C For “Cliffhanger” In Academic Murder At The O.L.T
Cliffhanger by James Yaffe in Ottawa Little Theatre.
As the plot of Cliffhanger unfolds gently, it seems that the playwright by James Yaffe—a respected humanities professor like his protagonist—is presenting wishful thinking about the fate of an unpleasant, incompetent department head and a particularly nasty failing student.
The Mr. Chips type professor has plenty of time (too much) to philosophize about ethics through the 1985 comedy, which never makes it to mystery thriller status. In the current Ottawa Little Theatre production, the leisurely pace is partly attributable to the writing and partly to the directing style of Joe O’Brien.
Although it is doubtful whether any audience members are sitting on the edge of their seats or hanging by the fingernails on even a small cliff during Cliffhanger, they may be mildly amused by the chat about the true meaning of ethics and utilitarianism.
After an uncomfortable beginning, Tony Keenleyside and Janet Banigan as Henry and Polly Lowenthal, the complacent academic couple on the verge of trouble, settle into their roles. Keenleyside plays the steady academic trying to avoid retirement increasingly convincingly. Banigan is suitably protective of her husband but seems less at ease as the pragmatic wife attempting to preserve the couple’s lifestyle.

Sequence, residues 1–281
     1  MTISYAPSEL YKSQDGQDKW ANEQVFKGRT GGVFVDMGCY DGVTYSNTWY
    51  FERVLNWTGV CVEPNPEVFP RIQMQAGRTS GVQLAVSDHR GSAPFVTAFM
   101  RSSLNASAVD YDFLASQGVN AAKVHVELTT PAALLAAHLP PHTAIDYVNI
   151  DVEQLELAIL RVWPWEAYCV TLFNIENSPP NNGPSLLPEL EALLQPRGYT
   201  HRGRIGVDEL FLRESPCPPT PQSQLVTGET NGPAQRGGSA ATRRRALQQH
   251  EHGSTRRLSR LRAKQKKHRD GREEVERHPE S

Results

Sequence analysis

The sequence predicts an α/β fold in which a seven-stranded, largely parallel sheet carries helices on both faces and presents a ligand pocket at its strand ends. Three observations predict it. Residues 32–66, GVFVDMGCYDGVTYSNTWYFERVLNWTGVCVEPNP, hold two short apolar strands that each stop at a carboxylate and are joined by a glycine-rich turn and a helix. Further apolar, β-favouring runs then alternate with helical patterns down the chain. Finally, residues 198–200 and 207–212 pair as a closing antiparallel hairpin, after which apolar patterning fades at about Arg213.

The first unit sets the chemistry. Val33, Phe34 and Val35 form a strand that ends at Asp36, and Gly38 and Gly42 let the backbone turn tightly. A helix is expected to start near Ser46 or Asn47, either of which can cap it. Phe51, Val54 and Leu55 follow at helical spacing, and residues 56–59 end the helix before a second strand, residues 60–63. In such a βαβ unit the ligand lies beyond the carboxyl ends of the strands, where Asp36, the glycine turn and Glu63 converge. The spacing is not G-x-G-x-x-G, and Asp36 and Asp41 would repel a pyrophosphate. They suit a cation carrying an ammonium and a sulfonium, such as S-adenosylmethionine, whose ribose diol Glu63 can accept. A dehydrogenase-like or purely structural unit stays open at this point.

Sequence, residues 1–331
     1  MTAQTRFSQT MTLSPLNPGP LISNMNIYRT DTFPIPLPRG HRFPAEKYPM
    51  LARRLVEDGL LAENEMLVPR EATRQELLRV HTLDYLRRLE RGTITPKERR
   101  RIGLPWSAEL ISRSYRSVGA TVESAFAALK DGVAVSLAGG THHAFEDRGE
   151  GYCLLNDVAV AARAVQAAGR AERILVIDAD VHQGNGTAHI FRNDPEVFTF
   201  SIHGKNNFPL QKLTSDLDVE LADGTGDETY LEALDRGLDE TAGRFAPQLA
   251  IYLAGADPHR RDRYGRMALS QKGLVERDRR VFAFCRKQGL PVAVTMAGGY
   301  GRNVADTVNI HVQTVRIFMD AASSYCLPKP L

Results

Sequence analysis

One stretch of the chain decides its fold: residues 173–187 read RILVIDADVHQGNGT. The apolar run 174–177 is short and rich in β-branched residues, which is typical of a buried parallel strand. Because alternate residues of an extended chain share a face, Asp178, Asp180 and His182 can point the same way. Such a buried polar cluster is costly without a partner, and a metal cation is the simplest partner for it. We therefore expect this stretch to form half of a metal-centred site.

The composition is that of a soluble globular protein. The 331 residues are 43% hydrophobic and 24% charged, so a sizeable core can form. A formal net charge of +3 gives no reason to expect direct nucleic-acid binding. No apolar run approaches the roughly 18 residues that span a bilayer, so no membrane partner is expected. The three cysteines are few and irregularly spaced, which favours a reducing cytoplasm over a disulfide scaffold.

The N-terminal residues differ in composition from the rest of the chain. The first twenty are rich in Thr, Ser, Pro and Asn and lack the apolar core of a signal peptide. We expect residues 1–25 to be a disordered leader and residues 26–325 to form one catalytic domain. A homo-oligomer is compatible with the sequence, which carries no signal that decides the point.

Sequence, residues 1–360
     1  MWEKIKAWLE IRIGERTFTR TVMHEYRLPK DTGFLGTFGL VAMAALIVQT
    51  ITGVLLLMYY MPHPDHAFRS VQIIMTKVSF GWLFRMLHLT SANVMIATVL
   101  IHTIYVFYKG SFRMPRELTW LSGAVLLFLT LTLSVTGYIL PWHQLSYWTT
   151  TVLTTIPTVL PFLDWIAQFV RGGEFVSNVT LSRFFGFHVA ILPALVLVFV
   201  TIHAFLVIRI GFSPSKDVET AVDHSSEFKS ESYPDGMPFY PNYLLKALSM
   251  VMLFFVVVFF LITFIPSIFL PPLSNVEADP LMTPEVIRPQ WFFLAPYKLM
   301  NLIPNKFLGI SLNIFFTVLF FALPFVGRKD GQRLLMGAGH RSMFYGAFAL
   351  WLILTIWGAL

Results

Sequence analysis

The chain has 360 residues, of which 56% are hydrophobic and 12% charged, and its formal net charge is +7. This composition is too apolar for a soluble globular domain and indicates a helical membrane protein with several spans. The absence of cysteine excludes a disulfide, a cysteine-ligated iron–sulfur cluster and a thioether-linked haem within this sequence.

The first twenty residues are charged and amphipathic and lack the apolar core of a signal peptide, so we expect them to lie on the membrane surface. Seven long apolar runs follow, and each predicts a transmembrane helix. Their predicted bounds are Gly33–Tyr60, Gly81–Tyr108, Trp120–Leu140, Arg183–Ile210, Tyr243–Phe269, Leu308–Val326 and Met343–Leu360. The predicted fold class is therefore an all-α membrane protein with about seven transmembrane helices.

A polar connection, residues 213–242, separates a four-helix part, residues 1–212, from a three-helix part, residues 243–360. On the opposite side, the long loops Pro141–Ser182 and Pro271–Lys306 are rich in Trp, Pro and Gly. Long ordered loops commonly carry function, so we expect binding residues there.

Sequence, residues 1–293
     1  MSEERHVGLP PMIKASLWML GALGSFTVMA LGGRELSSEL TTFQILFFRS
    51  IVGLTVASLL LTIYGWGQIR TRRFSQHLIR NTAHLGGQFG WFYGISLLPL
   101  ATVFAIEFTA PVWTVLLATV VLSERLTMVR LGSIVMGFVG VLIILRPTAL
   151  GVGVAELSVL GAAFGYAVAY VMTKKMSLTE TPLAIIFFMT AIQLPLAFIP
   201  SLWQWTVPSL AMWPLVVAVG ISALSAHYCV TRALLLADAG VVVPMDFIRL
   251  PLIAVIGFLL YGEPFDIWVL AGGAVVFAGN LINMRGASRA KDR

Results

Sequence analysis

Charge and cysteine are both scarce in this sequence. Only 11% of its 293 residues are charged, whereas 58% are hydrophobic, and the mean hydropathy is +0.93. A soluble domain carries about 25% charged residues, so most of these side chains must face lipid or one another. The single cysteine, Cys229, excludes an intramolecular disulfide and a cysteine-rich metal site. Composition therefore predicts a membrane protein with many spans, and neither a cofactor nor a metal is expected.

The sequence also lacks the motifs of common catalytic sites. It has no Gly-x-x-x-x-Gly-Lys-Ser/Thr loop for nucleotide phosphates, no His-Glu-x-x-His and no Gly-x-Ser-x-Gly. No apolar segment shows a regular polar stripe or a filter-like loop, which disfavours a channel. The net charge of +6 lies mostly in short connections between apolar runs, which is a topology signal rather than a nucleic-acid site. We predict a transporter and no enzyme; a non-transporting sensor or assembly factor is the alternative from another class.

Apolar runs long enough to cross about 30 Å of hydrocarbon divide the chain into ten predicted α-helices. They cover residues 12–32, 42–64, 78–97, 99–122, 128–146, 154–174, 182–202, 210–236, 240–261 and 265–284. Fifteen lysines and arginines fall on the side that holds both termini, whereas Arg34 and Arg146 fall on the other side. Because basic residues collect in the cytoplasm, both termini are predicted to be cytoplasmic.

In the one-dimensional role of the vindictive department head out to modernize the department and force Lowenthal into retirement, Dorothy Charbonneau is—well, very much one-dimensional. Perhaps the director wanted to ensure that no one would care when she was transformed into a corpse (even a wriggling corpse under a carpet). In that case, the role was played as directed. Some other directorial decisions, such as characters dancing to a Cole Porter tune while awaiting arrest, reduce any possible tension in Cliffhanger to zero.
Paul Washer fulfils requirements as the less-than-exciting police detective. Meanwhile, Gabriel DeRooy brings considerable life to the production with a sprightly performance as Melvin, the “screwed-up rich kid” trying to persuade a passing grade out of Lowenthal by any means possible.
This article was originally published in Capital Critic’s Circle on October 19, 2018, and has been reposted with permission.